Trailerable is over rated unless it can be towed behind today's small cars and hybrids. The Katama/Menemsha is a pretty boat but way too heavy to reasonably be considered trailerable (unless it's once in the spring and once in the fall).

    You'll be hard pressed to produce it for $125k and even 150k. Very small market. Even a Stuart Knockabout, (an open 28' daysailer) runs $85k plus these days.

    Go light weight. Go fuel efficient. Use modern technology and design. Btw, How do you make a million bucks in the Marine business?

    Start with 2 (or 3) million.... Get out before it's gone!
     
  4. Stephen Ditmore
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    Stephen Ditmore Senior Member

    Before you burst a blood vessel take a look at my post #2.
     
  5. Dryfeet
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    Dryfeet Junior Member

    Doood. Sounds to me like I was reinforcing that and giving good reasons. No bursting going on here. Follow your dreams, laddy!
     
  6. Stephen Ditmore
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    Stephen Ditmore Senior Member

    Sorry for the snark. My point is I'm OK with light & modern if that's what the market's looking for. Is it?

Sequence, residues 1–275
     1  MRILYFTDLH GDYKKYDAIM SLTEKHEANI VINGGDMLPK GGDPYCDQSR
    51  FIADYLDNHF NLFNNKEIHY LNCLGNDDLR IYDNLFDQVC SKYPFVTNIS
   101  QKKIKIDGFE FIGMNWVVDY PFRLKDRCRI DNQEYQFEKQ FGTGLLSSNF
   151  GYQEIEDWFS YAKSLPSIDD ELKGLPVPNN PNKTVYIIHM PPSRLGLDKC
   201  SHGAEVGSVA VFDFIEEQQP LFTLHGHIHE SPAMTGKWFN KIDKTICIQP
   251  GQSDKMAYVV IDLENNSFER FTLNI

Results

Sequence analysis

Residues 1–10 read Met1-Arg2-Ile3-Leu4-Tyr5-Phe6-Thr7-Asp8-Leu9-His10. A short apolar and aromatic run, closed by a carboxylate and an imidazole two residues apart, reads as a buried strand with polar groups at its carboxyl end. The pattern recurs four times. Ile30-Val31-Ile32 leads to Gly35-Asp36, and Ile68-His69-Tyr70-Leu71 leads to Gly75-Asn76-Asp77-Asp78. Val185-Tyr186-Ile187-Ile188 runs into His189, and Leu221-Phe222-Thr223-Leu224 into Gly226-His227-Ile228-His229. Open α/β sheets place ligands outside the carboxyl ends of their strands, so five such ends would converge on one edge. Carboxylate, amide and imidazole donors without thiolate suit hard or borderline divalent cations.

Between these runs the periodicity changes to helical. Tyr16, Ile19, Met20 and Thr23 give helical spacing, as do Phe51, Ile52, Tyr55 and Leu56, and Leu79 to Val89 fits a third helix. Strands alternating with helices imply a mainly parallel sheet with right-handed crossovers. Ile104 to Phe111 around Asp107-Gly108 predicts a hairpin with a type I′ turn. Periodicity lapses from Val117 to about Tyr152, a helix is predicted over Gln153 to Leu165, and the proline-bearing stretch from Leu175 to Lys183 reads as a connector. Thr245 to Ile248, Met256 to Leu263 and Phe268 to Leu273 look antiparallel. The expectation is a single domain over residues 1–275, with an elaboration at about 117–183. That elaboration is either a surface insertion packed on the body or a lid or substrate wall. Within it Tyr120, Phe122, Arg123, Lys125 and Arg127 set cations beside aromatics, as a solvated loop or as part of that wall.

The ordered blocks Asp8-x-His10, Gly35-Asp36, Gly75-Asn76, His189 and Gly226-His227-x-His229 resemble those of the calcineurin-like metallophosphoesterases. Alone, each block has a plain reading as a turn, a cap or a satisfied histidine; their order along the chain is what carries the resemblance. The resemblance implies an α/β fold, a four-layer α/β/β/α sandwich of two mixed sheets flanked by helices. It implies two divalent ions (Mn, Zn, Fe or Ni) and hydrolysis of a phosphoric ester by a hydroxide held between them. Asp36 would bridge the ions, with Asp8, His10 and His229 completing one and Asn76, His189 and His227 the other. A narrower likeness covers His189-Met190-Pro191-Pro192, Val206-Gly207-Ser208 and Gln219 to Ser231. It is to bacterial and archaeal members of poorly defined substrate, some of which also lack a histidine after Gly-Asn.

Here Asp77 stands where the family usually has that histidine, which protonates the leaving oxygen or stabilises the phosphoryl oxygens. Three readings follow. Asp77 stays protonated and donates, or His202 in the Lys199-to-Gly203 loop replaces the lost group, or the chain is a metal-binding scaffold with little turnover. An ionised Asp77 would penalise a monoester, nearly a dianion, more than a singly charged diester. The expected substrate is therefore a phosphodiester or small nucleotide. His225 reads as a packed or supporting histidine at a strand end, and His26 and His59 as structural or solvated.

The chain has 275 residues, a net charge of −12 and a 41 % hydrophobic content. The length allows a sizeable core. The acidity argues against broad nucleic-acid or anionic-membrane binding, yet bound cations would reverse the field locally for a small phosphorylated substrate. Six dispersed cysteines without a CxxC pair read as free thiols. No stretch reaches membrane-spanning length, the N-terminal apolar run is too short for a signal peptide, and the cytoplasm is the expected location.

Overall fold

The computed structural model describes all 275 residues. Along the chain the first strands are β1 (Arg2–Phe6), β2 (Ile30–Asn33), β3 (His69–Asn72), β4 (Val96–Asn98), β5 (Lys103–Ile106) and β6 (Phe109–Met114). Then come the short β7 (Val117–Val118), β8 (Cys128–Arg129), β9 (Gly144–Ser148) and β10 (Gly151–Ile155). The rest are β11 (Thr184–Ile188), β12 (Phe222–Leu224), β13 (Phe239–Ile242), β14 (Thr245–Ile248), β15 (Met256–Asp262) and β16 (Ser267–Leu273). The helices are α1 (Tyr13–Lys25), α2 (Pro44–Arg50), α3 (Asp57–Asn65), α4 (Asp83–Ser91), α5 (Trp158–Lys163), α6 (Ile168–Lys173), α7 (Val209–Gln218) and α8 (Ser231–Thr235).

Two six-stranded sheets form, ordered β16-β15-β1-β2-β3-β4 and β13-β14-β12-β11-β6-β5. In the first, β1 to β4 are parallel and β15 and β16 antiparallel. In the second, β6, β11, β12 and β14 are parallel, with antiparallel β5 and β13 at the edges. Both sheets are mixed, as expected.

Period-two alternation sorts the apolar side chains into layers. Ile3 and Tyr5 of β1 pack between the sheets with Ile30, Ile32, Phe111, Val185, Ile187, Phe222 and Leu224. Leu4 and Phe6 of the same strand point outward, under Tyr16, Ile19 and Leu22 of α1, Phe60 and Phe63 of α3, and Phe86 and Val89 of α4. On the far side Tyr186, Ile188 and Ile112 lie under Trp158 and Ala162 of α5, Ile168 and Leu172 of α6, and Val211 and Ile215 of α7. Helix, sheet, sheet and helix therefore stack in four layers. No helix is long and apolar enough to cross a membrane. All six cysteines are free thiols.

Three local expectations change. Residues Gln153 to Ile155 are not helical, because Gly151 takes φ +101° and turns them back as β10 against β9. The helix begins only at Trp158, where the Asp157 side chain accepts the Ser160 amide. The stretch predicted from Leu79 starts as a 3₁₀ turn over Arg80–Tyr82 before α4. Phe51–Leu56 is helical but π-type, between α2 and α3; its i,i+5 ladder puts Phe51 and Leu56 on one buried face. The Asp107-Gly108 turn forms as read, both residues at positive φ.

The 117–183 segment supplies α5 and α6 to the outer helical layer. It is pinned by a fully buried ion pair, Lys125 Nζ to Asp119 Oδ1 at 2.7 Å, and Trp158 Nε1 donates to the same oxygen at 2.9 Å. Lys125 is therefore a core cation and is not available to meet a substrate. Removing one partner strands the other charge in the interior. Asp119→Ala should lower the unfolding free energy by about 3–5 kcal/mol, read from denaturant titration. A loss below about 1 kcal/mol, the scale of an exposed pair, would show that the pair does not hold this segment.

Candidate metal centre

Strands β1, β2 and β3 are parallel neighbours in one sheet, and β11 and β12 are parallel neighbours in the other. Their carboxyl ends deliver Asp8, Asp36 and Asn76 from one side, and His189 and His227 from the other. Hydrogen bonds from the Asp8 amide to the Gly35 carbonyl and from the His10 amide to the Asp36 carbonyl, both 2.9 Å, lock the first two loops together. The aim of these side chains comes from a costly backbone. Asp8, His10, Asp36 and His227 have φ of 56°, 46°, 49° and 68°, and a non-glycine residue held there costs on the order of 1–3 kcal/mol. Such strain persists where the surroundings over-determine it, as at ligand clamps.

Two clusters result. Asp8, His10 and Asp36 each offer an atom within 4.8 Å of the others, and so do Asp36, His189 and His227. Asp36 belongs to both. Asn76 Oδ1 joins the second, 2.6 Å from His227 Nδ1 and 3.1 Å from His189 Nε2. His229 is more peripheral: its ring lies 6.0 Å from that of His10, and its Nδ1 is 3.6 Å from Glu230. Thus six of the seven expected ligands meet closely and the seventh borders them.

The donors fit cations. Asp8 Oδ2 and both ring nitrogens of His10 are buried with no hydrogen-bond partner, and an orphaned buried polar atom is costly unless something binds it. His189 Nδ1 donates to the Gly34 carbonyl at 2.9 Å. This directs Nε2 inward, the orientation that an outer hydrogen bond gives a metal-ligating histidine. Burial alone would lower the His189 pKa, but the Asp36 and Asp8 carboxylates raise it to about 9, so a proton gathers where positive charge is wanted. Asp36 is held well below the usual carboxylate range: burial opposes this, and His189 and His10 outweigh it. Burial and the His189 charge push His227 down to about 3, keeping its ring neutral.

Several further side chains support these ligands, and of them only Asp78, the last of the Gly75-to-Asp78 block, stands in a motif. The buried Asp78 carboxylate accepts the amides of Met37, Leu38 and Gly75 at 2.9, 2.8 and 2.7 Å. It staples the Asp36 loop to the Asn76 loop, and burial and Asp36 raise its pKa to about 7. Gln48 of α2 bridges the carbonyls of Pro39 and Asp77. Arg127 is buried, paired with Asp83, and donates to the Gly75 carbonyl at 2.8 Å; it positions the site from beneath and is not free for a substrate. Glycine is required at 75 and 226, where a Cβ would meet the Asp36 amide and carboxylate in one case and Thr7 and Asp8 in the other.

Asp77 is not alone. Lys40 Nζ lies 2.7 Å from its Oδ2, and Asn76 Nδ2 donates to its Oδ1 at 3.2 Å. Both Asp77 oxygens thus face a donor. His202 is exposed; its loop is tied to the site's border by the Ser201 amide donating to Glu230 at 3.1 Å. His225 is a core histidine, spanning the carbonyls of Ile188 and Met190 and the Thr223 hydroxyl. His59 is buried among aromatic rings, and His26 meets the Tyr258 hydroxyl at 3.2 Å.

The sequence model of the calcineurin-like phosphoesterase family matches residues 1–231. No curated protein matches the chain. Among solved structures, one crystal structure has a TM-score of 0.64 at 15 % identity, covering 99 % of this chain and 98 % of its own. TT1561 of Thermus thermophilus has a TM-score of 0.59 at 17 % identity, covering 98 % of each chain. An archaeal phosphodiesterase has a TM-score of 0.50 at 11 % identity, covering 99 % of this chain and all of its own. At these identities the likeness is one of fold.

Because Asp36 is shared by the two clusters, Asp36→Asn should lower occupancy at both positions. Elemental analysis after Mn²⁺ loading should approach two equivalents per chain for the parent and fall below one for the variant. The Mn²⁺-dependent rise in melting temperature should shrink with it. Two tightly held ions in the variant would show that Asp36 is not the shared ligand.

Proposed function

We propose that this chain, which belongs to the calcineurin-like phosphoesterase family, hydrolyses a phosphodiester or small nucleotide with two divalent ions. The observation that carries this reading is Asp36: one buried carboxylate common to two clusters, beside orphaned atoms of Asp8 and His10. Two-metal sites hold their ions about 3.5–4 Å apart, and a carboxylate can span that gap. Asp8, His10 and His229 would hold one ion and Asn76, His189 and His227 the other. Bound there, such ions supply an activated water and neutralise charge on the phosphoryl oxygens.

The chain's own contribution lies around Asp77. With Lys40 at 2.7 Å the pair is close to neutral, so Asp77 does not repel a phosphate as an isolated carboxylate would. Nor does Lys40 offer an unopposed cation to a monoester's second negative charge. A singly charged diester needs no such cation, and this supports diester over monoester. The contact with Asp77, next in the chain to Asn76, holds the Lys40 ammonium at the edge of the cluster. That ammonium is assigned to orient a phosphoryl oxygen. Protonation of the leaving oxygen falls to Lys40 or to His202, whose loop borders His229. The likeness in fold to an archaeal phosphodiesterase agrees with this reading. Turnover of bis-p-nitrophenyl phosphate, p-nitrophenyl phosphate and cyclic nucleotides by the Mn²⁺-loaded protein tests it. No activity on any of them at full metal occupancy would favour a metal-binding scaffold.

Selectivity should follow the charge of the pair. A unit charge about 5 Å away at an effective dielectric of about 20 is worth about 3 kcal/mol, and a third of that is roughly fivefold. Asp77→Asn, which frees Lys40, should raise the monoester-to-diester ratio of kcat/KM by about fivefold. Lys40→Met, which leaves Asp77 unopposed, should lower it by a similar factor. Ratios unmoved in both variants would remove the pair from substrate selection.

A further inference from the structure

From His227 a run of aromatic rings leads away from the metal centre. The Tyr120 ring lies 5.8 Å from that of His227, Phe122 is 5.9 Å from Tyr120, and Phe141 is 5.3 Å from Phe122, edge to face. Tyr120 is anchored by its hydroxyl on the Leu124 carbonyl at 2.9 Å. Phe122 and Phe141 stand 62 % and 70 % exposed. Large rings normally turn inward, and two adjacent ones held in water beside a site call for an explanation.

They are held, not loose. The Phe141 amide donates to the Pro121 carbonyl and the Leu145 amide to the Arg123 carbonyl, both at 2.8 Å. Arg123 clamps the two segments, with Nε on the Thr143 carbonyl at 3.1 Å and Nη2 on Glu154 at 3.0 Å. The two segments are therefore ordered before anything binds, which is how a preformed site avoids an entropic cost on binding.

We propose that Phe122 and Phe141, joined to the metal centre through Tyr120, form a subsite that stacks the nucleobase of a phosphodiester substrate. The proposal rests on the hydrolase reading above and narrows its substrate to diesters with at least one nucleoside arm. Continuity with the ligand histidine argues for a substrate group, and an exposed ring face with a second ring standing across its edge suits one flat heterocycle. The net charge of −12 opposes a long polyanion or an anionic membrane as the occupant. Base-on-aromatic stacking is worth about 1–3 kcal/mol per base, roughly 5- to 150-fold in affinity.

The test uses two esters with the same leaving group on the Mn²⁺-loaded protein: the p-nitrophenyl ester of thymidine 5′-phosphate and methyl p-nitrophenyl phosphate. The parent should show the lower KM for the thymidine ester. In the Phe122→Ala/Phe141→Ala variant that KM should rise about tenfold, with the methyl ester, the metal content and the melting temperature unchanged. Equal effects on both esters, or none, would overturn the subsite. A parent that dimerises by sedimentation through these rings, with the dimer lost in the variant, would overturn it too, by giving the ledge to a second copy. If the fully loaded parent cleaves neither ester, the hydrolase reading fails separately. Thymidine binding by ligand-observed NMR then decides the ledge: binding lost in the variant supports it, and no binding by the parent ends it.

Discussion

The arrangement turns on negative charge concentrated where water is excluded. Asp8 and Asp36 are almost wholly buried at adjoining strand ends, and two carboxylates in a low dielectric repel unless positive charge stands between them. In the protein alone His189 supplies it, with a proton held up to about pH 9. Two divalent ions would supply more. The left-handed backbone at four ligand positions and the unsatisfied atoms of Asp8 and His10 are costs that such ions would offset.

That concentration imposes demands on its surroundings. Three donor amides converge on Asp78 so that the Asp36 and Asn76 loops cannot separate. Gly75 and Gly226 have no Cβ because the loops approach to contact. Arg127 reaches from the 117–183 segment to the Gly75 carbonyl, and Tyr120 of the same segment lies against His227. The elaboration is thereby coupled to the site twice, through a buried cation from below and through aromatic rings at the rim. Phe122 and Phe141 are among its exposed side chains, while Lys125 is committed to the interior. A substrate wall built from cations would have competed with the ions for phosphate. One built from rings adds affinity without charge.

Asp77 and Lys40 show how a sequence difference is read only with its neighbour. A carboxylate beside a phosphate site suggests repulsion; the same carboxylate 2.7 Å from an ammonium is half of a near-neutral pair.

7. Chenier
    Joined: Oct 2012
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    Chenier Junior Member

    I looked at a decent Menemsha recently. The purchase price would have probably been about $5k by the time we got through. The primary reason I might have gone that high was the boat's low-hours Yanmar, which had some real value. As noted in the original post, one of the main appeals was the relative trailerability. The width really is the advertised 8 feet, and the skeg keel is manageable for trailering. The keel is also ideal for its namesake sailing venue (the name adds a bit to the cache in these parts, of course, though that may not be so much appreciated outside New England, and in any event may be a separate issue, as I'll get to). The ‘problem’ is the Menemsha's weight, at 6,000 pounds (3,000 in the keel) is too much for any of my current trailers or my current tow vehicle.

    The main reason for my considering this at all is price-for-the-size boat and engine. It would be difficult to envision buying one of these new under any circumstances. To have that kind of demand, a boat type has to have two elements -- and even that may not be enough, as many well-regarded builders of well-regarded boats have learned: